Night vs Daytime Driving - Which is Better? Part 3
Welcome to the final part of our 3-part series! Last week in Part 2, we discussed everything about tips: what causes passengers to tip, what to keep in your car to get those tips, and when to drive to maximize your tip income. We also covered how daily scheduling can be a benefit of daytime driving. If you missed it, check out the full article here. This week, we’re going to cover ratings and enjoyment. Read on to see how day and night drives affect them!
Which one helps your ratings go up?
Uber claims that you will receive better ratings at night, but many drivers’ experiences tell a different story. Nighttime rides can tank your ratings if the passengers are drunk and unruly. You could do everything right and they still might give you a low rating if something irrational sets them off. Many times, it could be their fault: they might drop their pin in the wrong place, and then blame it on you when you’re in the wrong spot. Daytime rides, on the other hand, tend to go more smoothly, which results in higher ratings.
Chances are you’re going to do some night driving, which means you should be aware of what to do—and what not to do—to maintain your ratings.
Things that Help Ratings:
Use your GPS, even if you already know the route.
This shows passengers that you’re taking the most direct route.
Keep your phone mounted.
Your passenger will feel unsafe if you’re holding it.
Don’t talk their ear off.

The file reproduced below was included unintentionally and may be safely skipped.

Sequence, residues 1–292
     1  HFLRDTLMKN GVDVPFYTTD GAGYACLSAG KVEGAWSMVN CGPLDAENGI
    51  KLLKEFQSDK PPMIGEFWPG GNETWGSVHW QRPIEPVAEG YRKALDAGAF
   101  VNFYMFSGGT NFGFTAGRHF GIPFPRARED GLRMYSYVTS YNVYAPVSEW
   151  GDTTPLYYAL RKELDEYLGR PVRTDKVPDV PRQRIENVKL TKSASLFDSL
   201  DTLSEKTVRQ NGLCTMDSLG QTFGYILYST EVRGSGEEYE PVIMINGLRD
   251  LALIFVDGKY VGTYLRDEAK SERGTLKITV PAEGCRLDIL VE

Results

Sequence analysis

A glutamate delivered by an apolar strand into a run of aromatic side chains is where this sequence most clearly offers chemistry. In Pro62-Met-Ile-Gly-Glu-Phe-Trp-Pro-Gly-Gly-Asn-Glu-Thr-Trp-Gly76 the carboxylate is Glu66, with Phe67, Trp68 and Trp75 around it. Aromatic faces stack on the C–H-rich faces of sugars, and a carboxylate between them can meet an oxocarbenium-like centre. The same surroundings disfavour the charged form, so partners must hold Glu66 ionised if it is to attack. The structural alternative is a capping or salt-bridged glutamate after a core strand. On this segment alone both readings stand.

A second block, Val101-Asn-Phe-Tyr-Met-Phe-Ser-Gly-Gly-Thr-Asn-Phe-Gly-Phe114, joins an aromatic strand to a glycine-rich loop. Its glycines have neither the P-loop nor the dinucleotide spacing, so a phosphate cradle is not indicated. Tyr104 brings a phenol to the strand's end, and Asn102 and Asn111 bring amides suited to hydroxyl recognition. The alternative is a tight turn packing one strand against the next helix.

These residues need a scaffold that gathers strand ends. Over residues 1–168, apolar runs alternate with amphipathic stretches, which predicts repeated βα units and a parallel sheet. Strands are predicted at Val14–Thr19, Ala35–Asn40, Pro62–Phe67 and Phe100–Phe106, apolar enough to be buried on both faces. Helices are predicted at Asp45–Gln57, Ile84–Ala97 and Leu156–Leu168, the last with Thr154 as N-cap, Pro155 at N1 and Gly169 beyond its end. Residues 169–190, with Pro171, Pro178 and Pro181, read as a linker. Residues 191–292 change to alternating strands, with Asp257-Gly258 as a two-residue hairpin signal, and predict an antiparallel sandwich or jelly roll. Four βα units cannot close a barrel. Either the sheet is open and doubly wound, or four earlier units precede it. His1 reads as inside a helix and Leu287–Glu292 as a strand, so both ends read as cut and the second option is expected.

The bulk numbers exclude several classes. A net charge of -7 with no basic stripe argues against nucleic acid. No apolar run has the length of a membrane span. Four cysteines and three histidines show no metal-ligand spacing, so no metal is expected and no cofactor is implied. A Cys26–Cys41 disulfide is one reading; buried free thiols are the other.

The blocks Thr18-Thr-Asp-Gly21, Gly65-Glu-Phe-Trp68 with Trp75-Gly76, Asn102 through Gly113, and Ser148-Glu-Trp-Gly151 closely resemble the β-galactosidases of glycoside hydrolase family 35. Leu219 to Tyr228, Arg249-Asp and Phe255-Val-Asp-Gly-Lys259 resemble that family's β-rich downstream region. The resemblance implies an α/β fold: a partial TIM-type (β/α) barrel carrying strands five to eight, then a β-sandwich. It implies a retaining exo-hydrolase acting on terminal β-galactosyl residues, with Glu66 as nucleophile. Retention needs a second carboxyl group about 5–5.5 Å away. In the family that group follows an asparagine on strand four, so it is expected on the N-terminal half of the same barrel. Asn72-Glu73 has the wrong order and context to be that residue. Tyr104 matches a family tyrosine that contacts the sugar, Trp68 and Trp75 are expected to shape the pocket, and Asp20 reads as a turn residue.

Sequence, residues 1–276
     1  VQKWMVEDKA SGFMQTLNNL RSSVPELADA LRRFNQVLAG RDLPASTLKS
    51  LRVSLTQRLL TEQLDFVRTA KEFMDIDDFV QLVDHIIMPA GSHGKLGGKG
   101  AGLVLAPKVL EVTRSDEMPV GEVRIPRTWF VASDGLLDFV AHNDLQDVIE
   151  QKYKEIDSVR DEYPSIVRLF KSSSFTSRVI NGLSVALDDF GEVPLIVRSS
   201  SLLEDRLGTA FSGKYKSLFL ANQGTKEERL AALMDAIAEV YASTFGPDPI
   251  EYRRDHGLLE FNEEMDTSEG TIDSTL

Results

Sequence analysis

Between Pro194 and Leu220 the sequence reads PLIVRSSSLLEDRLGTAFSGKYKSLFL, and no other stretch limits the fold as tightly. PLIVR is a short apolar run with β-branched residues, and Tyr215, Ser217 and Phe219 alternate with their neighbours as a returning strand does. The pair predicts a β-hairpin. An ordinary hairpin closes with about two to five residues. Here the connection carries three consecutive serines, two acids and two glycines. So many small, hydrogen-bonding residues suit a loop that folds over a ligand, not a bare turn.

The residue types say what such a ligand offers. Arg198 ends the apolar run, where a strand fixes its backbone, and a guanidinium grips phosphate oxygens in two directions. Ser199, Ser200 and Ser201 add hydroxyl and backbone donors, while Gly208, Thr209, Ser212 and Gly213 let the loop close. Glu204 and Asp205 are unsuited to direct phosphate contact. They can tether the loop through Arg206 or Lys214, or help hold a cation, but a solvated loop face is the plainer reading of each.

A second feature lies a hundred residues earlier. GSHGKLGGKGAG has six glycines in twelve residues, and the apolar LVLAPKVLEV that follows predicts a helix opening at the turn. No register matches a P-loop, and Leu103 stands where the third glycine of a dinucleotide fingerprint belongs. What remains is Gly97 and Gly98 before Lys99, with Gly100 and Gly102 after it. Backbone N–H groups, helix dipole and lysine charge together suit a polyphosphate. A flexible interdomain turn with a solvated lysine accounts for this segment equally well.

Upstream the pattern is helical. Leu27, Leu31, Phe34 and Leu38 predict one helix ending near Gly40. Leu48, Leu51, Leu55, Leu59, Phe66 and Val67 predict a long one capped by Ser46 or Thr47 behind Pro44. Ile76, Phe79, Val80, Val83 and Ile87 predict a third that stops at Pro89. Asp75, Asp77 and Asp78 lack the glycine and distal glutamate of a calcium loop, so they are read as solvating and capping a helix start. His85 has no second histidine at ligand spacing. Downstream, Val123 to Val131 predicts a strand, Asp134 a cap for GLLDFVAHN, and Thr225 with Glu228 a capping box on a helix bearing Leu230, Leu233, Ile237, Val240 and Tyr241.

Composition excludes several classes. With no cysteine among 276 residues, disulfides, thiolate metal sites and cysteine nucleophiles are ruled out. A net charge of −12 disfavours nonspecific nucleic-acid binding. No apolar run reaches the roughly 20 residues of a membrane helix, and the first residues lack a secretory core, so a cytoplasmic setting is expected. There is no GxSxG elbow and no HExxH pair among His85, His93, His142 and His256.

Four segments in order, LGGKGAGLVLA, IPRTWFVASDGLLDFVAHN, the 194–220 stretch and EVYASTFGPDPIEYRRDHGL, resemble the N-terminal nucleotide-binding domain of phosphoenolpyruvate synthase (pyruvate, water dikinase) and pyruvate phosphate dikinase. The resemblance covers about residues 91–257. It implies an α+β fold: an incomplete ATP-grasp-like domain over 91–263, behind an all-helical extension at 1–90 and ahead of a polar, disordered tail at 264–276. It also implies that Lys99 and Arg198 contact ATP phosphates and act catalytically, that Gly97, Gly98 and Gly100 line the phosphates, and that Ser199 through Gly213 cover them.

Match your passenger’s energy; one-word responses mean they don’t want to talk. Don’t try to tell them your life story. Ask how their day is going, and let them dictate the conversation from there.
If possible, text passengers instead of calling them.
Most passengers are younger and prefer to text. If you are driving and need to call rather than text, it’s okay. Try to only call them once. Multiple phone calls will make the passenger feel pestered and it will lead to low ratings.
Keep your car clean (especially windows) and maintained.
This is straightforward. Passengers like to ride in clean cars. Good thing Animo has you covered here! We clean our cars for you.
Don’t smoke in your car.
Most passengers hate the smell. And don’t use an overpowering air freshener to mask the smell either, because it could make passengers lightheaded. This is all in addition to the $100 Animo fee that’s imposed.
Balance day driving with night driving.
This will balance out your ratings and prevent you from only taking drunk passengers who are more prone to giving you a bad rating.
Things that Decrease Ratings:
Arguing with the passenger or complaining about their behavior.
Even if you are sure you are in the right, don’t get into it with the passenger. If you do argue with them, expect a one-star rating.
Taking an inefficient route.
Passengers could feel scammed if you don’t take the fastest route.
If you are making sudden lane changes, running stop signs, speeding, driving aggressively, or doing anything of the sort, expect one star. Passengers don’t want to feel unsafe.
Talking too much.
If your passenger is giving off vibes that they don’t want to talk, then respect their wishes. No one likes to be drowned in unwanted conversation.
Which is more enjoyable?
What puts a person in a better mood: driving to work or driving to a bar? Most drivers agree that at night, passengers are more relaxed and in a good mood. As a result, you’ll be in a good mood too.